29 November 2010

Kent: "En plats i solen" ["A Place in the Sun"]

So, I spent a week away from the blog, writing, and thinking in general. I needed some personal time to recharge the batteries, and, in terms of SlowdiveMusic Blog, prepare to tie up some loose ends and close out the year. As my neighbors can attest, I spent the week listening to Kent over and over again, each time louder and louder. Why it has taken me this long to write about their latest album, I cannot say, but have I mentioned lately that I love Scandinavian music? Kent is one of those bands that have it all: ingenious hooks, out of the box arrangements, a savvy pop sensibility, and a quirkiness that is all theirs. And their latest album is yet another testament to the fact when you want something done right in music, turn to a veteran band.

Kent, hailing form Sverige [Sweden] and singing in svenska [Swedish], are under-rated veterans of the music industry. Since they have made the decision to perform their music in Swedish, they have not garnered the attention they deserve in the Anglo-American music scenes; however, this should not detract anyone from taking a serious listen to this band. Very few bands can create a sound so impressionable. They released their ninth album earlier this year, “En plats i solen” [“A Place in the Sun”] (30 June 2010), and after fifteen years in the music industry, their song writing chops are not dulling. On the contrary, their chops get sharper and sharper.

Essentially their last two albums have been released back-to-back (and I was remiss in getting 2009’s “Röd” on time to review). Since 2007, the band has been trending towards a more electronic sound; however, the approach to the music is exactly the same: meticulous, very attentive to details, and keeps a single effect in mind – and I love songs that are singular in effect and not all over the place or plainly nowhere. In essence, when it comes to Kent’s music, there is nothing superfluous – every sound, every arrangement, is meant to augment the sonic experience. The music may not have a “big” sound, but each song produces a big feeling in the listener. It is impossible to listen to the music and not be moved externally to move or internally to contemplate – sometimes simultaneously.

Though the album seamlessly flows from one track to another, each song capers through with its own personality. “Glasäpplen” has some beautiful acoustic strumming and string/synth arrangements and borders on shoegaze. The lead single, “Gamla Ullevi,” has tribal-esque beats and a gritty industrial flavor to it, while the second single, “Skisser för sommaren,” has a cinematic feel to it – you can simply get lost in your mind’s eye while listening to this one. “Minimalen” would make Kraftwerk very proud, while “Varje gang du möter min blick” may very well be the most visceral song of the year. I love these kinds of songs that cause me to have a contradicting physical reaction: should my chest tighten with anxiousness or should I sway around to the sweeping arrangements? The album closes with “Passagerare,” which has a soft, melodic opening and remains nearly ethereal throughout. Short of four-and-a-half minutes, the song has a big epic feel to it. And I guess it is difficult to figure out how to end an album: should you go for the big, stadium ready finish, or a subtle visceral number, or give more of the same? Kent goes for the musically cathartic, with a touch of dream pop and simple, but effective arrangements (especially with the strings), it is hard not to want to go back and start the album … this amazing sonic journey … all over again.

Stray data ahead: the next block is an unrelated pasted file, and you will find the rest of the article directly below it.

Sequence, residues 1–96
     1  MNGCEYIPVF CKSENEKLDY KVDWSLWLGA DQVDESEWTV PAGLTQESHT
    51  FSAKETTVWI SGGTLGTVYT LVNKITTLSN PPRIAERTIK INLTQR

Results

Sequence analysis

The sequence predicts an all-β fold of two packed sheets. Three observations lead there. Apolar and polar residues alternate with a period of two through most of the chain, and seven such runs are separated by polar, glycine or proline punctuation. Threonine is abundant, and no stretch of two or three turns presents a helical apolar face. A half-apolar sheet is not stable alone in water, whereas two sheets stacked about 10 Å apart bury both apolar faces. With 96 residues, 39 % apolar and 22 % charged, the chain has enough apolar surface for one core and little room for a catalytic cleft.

The shift to electronics in the last three albums is not an attempt from Kent to garner more popularity; if they wanted that, they could simply just sing in English. Instead, “En plats i solen” is a continual journey in their craft, as they expand their musical references and refuse to reproduce the same sound over and over and over again, and if more veterans would follow their lead, they would still be producing relevant music. Do not let the fact that the band sings in Swedish, not English, dissuade you from listening to this album; if it helps any, I am very confident that this album is going to end up on my top ten of the year.

Track Listing:
1. Glasäpplen [Glass Apples]
2. Ismael
3. Skisser för sommaren” [Sketches for The Summer]
4. Ärlighet Respekt Kärlek [Honesty Respect Love]
5. Varje gång du möter min blick [Every Time Your Eyes Meet Mine]
6. Ensam lång väg hem [Lonely Long Way Home]
7 Team building
8. Gamla Ullevi [Old Ullevi]
9. Minimalen [The Minimal]
10. Passagerare [Passengers]

Keep up with Kent their homepage, MySpace, Facebook, and Twitter.

Below are two audio clips of songs from their current release, “Gamla Ullevi” and “Skisser för sommaren.” I also included one full-length video, “Idioter,” from their previous album as no videos from this album has been posted and I wanted to give you a feel for their music. All embeds are from their YouTube Channel: kentchannel.

1 comment:

  1. THEY SOUND AMAZING!! I have no idea what there saying in Swedish but I wanna learn just to know! they sound great